It felt like we were defying death, climbing up the steep slopes. Had something happened when climbing or driving, I was afraid to imagine what would happen. It was exciting to look for the pagoda while rolling up and down the slopes and taking on death-defying hairpin turns but our driver U Htin Lin Aung was as calm as if he was driving on perfectly flat land. His calmness and skills rested our worrying souls.            

‘‘I drove very carefully because if my car rolled back, something unimaginable would happen but I believed in myself and I made it!’’
Ma Myat Su, one of the female drivers, told My Magical Myanmar. She is an experienced driver who participated four times in road trips organized by Myanmar Tourism Promotion. We made it to Tebinbyant—a flat area to stop at—around 2.50pm and waited for the rest to catch up while checking the cars. We took the time to appreciate the breath-taking scenery too—above us Zalone Taung Pagoda stood on the top of the mountain.  We continued our climb to the pagoda at the peak.            

We reached at the pagoda around 3.15pm and climbed the pagoda on foot. It is said that Lord Gottama Buddha prophesied that Maitreya Buddha would reveal the noble truth there.
Zalone Mountain colored in black sits at 3,090 feet above the sea level. The smooth rock mountain lay distinctly jutting above the wild surrounds. A concrete staircase is built from the base to the top and a steel railing is installed on both sides. The stair case gets narrower and narrower as it approaches the top.            

There is a narrow place between the two big rocks—so narrow that pilgrims to the pagoda and from the pagoda must take turns to pass through it. The platform of the pagoda is only 20 feet wide on the mountain ledge so caution is advised.
Around 4.15pm, we climbed down to Tebinbyant to enjoy the scenery—the gilded pagoda with a backdrop of a beautiful sunset. The drivers watered down the tires of the vehicles to bring down the temperature after that. We left for the CBT site at the base around 5pm.            

The organizers ushered us to the traditional Kadu huts. Mobile phone signals dropped for some time although MPT was almost always reliable. As the dark grew so did the cold. It was too cold to take showers – around 5 to 10
°C.  Local people made fires here and there for us strangers to warm ourselves. Thankfully, the huts on the CBT site have electricity and a modern toilet.
At the request from the monk named Ve. Kettisara, the group opened the traditional Kadu showroom where Kadu traditional costumes, household properties, palm leaves once used as writing paper, trays used for panning gold, kitchen utensils, daung lang — a big circular tray on a stand — and other items were displayed.

Dinner is served – traditional Kadu curry

Then we arrived at the place where we would be served dinner. Tables for dinner were well prepared and what was interesting were the seats – they are cut logs at the height of chairs. Behind the tables and chairs gathered local people to perform traditional Kadu and Shanni dances. Organizers made a big wood fire to warm us. The stage was a leveled hillock covered with tarpaulin. Traditional dancers started dancing and singing as soon as we began our dinner. They had been preparing for this performance for about a month.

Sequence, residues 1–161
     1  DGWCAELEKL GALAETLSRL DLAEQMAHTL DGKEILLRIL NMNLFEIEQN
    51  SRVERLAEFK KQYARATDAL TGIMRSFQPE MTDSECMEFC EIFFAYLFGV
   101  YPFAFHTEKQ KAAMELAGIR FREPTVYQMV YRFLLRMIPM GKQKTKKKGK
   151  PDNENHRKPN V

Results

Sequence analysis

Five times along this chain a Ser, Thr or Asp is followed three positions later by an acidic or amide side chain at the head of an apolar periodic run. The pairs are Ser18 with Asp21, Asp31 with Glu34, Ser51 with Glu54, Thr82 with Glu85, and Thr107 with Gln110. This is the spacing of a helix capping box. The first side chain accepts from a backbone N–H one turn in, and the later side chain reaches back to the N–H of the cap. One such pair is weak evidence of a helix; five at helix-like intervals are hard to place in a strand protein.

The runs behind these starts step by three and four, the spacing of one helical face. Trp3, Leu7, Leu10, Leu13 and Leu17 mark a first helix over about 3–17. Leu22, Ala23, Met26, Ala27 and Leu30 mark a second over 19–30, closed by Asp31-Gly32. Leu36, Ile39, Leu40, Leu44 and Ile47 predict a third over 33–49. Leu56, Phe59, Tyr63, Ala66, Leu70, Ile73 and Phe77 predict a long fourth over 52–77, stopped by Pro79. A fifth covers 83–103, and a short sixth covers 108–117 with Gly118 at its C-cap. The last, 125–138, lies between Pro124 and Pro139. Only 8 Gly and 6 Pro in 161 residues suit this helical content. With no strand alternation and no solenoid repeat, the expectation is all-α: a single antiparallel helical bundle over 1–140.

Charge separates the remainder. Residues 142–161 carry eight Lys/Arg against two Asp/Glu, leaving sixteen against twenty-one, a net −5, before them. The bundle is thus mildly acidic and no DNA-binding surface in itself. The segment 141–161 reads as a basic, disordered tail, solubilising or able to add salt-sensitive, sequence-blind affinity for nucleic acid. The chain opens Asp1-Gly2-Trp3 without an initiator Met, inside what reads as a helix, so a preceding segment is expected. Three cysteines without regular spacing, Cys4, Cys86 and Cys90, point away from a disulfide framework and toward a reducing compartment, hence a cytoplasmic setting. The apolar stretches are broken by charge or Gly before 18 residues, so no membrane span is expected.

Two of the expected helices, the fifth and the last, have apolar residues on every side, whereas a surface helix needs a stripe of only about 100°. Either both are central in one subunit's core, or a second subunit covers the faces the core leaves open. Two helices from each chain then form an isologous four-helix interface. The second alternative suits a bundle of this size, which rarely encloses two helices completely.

Let me introduce Kadu traditional cuisines to you. Rice is placed on teak leaves in bamboo trays which are a bit bigger than normal plates. On the rice they placed two fried fish, a piece of fried chicken, pounded roselle buds and radish bud curry. Moss soup, pickled fish, tomato-ngapi curry, chicken and snail soup, chicken curry and lettuce were served on the table. It was a feast!
We ate a lot, maybe because we had had a very long day or maybe because the food was so good—but I am sure because of both. It was a very delicious combination to pour moss soup on sticky rice and have it with pounded-roselle buds and fried fish. After finishing up dinner and enjoying traditional performances, the group donated K4 million for the event, K500,000 for Shan traditional dancers and another K500,000 for Kadu traditional dancers through U Kettisara. Then we rested at the Kadu traditional huts. It was so cold that everyone—even those who love the cold—had to use sleeping bags.            

If you want to visit Zalone Mountain, there are two bus lines, Aung Naing Thu and Aung Yadanar, with offices located between 87th and 23rd Street in Mandalay. They leave Mandalay at 4pm daily arriving in Banmauk at 5 or 6am. Bus tickets are K12,000. Another option is to take a mini-van which costs K13,000 per ticket and they leave at 7am arriving at 5 or 6 pm.

There is no connecting bus from Banmauk to the Zalone CBT site bBut as cars for climbing Zalone Mountain always go back to Banmauk, you can ask for a lift to the CBT at Kayuak Taing square. Another option is to hire motorcycle taxi which costs K5,000. The bus fee for climbing the mountain is K6,000 per round trip. There are hotels and motels in Banmauk with prices ranging from K5,000 to K20,000.

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Aung Phay Kyi Soe is a Journalist who worked as Culture, Tourism, Environment and Health Reporter for five years at The Messenger, The Trade Times,DEMOCRACY Today, The Voice and Mawkun In-Depth and Investigative Magazine. He won the Best Feature Award for Climate Change Reporting supported by UN-Habitat and organized by Myanmar Journalism Institute.